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Favoritism And The Powers Of The Gods

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Favoritism and the Powers of the Gods

In ancient times, people believed that their lives would be significantly better off if the gods favored them. In the Aeneid, gods were battling with each other over who would control fate. Even the Bible shows us incidences of favoritism. In a society where everything is governed by the gods, the favor of a god bestowed upon a person was extremely important. In the sources, The Aeneid and The Bible, favoritism and the powers of the gods play crucial roles in determining the outcome of the stories.

While reading the Bible, one cannot help but notice the obvious cases of favoritism. In the story of Cain and Abel, the Lord God is portrayed as a supreme being, who demands that the highest respect be paid to Him. In receiving offerings from Cain and Abel, God expects that they would bring Him only the best they could give. He took it for granted that each of the boys would sacrifice anything to please Him. However, this wasn't to be:

3 In the course of time

Cain brought an offering to the Lord

from the fruit of the soil, 4 while Abel,

for his part, brought one of the best first-

lings of his flock. The Lord looked with

favor on Abel and his offering, 5 but on

Cain and his offering he did not.

(Genesis 4:3-5)

This passage shows that by giving an offering that is deemed worthy, the favor of God will shine down. However, the opposite also holds true, that if one's offering is only sub-par, then God will not look down upon you with favor, as is the case with Cain.

This idea is also portrayed in the story of Noah. The Lord God has seen that his beautiful creation has been corrupted, and decides that he will destroy all living things on Earth. However, God spares Noah and all of Noah's descendants because, "Noah found this favor with the Lord" (Genesis 6:8). The Bible describes how Noah sought the approval of God. In the story it says he was, "a good man and blameless in that age, for he walked with God" (Genesis 6:9-10). God concludes to save Noah because he obeyed Him and became what God wanted him to be, without ever relinquishing his own convictions and personal identity.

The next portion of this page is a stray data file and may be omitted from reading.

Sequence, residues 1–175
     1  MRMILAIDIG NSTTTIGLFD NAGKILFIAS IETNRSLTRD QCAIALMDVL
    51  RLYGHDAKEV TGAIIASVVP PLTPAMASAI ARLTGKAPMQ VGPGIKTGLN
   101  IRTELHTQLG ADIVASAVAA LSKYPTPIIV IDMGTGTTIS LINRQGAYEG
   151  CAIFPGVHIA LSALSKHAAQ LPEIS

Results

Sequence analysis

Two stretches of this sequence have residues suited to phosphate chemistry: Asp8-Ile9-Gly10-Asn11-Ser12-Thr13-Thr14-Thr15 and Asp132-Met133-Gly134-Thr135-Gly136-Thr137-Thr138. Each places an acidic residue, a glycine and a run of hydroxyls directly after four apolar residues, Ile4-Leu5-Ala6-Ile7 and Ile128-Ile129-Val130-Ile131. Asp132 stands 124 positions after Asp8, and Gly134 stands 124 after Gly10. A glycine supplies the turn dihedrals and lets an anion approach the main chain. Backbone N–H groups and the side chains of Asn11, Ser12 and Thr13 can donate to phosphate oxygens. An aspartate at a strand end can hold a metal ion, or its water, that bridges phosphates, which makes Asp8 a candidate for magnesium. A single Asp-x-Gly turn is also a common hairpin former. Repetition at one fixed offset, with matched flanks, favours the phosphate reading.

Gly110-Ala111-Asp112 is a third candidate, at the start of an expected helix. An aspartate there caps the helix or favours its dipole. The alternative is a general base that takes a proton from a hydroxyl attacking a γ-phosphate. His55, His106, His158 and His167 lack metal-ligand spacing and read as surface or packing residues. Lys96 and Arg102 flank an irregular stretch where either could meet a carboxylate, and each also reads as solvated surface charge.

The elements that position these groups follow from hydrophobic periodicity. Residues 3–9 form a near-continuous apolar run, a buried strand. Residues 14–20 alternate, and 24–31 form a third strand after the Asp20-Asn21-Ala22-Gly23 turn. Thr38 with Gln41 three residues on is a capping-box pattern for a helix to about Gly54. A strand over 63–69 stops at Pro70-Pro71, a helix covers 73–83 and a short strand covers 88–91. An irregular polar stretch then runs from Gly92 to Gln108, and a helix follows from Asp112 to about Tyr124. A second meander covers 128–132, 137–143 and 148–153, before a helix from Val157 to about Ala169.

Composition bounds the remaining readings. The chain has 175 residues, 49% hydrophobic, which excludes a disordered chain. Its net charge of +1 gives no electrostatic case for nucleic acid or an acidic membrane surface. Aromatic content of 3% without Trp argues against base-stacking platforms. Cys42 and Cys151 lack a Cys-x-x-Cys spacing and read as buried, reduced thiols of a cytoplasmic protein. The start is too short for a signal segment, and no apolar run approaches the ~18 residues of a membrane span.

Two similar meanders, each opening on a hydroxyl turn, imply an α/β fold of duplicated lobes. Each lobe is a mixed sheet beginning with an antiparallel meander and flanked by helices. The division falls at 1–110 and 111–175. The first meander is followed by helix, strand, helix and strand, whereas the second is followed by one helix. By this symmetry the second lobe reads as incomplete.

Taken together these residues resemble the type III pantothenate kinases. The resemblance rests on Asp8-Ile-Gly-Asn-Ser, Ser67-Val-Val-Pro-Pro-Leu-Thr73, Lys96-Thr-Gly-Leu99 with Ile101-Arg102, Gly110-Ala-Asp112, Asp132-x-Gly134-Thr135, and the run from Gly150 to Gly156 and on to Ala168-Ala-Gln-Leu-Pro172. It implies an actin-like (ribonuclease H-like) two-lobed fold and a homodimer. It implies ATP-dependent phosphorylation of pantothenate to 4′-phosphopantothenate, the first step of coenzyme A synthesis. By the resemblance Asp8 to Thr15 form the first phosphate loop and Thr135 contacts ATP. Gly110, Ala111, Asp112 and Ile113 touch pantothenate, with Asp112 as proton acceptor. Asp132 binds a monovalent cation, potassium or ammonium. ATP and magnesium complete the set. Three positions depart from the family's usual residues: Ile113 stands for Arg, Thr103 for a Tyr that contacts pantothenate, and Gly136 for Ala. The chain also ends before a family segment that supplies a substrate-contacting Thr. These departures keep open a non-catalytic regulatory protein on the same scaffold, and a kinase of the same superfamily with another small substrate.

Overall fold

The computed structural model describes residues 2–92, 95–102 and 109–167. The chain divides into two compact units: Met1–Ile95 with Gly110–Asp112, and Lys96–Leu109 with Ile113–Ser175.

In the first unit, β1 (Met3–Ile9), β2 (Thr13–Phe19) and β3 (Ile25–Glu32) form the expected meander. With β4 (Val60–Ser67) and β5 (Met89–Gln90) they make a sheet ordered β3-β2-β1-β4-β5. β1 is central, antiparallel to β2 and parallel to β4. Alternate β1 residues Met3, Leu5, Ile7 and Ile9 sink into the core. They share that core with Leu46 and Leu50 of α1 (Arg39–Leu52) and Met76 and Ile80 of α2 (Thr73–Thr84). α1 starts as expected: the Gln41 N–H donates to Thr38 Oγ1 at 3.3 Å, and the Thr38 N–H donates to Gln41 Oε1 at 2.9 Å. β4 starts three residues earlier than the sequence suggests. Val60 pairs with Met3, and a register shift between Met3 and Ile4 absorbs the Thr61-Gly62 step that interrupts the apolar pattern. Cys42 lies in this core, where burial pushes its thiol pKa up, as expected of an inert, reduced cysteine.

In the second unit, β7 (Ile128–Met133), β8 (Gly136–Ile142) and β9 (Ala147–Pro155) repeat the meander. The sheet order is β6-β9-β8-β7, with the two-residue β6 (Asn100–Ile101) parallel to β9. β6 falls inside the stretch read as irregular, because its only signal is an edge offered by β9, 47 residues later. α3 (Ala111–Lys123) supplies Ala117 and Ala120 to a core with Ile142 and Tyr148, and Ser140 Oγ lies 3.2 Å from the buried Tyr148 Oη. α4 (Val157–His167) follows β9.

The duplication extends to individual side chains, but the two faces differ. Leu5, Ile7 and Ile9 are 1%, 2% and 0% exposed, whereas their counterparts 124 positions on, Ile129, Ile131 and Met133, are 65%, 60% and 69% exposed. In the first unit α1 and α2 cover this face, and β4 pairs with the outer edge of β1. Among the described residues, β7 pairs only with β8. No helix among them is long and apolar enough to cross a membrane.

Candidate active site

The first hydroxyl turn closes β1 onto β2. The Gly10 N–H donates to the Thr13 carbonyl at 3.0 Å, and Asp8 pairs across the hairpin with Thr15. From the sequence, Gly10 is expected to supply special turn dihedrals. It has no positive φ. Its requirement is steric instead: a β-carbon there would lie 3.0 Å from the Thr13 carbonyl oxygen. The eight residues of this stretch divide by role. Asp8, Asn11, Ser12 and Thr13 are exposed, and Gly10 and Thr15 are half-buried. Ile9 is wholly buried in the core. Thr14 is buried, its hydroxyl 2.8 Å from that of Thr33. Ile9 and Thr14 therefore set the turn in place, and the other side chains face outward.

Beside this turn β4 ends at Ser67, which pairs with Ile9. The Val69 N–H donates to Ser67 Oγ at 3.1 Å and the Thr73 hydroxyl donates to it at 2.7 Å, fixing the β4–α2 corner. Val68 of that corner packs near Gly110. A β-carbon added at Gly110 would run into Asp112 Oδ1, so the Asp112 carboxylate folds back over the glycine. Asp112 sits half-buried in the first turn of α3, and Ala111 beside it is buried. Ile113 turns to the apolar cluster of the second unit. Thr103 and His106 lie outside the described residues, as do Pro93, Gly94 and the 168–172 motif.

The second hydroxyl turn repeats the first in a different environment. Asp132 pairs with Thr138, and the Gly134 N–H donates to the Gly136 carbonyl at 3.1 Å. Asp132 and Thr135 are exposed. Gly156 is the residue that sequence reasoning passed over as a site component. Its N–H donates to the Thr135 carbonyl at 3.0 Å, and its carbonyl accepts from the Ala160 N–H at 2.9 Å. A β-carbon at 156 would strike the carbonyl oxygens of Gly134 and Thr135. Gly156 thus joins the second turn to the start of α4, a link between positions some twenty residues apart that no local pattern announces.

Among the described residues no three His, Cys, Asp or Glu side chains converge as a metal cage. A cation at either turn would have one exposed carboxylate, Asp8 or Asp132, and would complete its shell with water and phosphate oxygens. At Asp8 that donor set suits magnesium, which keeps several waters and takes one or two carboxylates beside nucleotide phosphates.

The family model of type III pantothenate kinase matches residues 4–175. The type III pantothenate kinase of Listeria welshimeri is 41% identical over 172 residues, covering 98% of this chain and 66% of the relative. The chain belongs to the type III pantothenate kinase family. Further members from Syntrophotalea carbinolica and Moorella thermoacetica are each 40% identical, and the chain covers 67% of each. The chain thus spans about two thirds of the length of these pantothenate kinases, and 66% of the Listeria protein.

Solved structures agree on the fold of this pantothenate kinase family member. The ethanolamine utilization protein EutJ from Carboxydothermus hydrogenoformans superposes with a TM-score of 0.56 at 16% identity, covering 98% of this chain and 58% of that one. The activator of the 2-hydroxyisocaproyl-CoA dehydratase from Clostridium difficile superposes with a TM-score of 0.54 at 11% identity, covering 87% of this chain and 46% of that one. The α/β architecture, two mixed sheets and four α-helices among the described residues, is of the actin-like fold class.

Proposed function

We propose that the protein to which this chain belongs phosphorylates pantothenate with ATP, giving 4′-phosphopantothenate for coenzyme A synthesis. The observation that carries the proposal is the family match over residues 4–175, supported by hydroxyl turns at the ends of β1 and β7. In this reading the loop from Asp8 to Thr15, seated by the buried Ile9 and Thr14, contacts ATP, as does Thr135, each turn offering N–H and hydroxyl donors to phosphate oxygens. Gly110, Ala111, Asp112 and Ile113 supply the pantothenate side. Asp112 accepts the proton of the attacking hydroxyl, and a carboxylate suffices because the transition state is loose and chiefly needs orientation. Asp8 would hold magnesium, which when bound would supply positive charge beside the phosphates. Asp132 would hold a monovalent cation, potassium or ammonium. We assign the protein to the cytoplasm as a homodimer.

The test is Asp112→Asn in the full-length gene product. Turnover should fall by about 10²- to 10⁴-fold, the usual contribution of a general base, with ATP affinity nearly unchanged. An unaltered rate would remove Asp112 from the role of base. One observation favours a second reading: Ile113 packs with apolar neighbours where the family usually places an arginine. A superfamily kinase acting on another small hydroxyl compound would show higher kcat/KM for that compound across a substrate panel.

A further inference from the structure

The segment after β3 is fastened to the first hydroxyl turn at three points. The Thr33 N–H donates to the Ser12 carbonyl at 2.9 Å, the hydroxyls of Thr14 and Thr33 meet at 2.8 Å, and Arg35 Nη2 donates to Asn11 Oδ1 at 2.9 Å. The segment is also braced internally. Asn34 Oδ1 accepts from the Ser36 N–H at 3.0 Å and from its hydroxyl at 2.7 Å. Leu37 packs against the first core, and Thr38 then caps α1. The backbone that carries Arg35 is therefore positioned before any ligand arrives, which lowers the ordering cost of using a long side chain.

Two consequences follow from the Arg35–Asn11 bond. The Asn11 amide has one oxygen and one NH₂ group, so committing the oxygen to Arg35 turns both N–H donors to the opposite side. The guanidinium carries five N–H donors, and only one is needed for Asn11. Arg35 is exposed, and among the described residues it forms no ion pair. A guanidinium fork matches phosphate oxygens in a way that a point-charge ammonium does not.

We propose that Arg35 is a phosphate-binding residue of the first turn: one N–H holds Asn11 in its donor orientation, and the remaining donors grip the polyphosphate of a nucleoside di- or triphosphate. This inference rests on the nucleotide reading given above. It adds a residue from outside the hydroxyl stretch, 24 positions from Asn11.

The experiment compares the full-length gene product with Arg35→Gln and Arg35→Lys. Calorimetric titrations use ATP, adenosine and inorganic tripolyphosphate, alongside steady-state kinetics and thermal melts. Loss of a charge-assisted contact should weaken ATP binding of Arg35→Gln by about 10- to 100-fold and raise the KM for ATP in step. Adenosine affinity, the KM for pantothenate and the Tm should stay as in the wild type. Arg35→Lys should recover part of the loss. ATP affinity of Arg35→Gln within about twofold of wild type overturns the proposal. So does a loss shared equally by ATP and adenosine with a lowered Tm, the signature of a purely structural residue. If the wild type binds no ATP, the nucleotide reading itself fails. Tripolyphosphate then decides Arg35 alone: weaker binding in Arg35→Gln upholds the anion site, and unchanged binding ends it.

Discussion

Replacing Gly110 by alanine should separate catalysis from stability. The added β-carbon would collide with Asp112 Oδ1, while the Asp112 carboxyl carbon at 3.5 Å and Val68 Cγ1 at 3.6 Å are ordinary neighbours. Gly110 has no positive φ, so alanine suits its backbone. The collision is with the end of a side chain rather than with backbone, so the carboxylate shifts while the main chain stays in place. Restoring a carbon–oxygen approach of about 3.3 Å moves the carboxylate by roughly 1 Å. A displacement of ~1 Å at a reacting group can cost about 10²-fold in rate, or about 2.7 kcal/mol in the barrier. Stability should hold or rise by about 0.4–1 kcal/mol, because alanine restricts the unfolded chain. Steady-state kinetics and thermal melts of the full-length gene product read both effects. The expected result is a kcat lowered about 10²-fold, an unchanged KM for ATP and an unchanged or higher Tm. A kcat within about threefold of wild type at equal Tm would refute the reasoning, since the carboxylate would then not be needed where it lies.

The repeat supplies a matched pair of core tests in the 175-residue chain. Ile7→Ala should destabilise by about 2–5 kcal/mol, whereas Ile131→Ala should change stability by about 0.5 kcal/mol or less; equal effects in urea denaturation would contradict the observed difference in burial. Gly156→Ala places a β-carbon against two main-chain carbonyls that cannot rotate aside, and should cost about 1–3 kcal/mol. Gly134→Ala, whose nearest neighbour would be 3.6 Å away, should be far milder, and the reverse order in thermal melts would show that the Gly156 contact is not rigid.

The idea of favoritism in Roman literature is extremely popular. Never was this more apparent than in The Aeneid of Virgil. In the Aeneid, when the gods became angry they look down upon the world and try to upset the flow of life. In the case of Aeneas, a Trojan War hero, some gods are working to help him, while others are doing everything in their power to hinder his voyage. On his side was Venus, the goddess of love, who is also Aeneas' mother. She provides all the assistance she can to aide Aeneus' voyage, and she also works unceasingly to keep Juno's wrath from affecting Aeneus. A perfect showing of Venus' assistance to guide Aeneas is when she prays for Aeneas to have a safe voyage to Italy:

I pray:

Permit this remnant to entrust their sails

safely across the waters. Let them reach

Laurentine Tiber if what I beseech

Is just, if fate has given them those walls.

(The Aeneid, Book V: 1049-1054)

This is just one instance of Venus using her power to help Aeneas. She wants to ensure that Aeneas has protection from any outside force that could possibly make his voyage unsuccessful. Overall, Venus does not want to see any harm come to her son, and she will do anything to protect him from danger.

Regardless of all the help Aeneas receives, there are also many barriers standing in the way of his fated journey to Rome. Juno, who is the queen of the gods, does everything in her power to keep the Trojans, but especially Aeneas, from completing his journey to Italy and thus fulfilling his fate. Even when Juno realizes that she cannot stop Aeneas from reaching his final destination, she will not give

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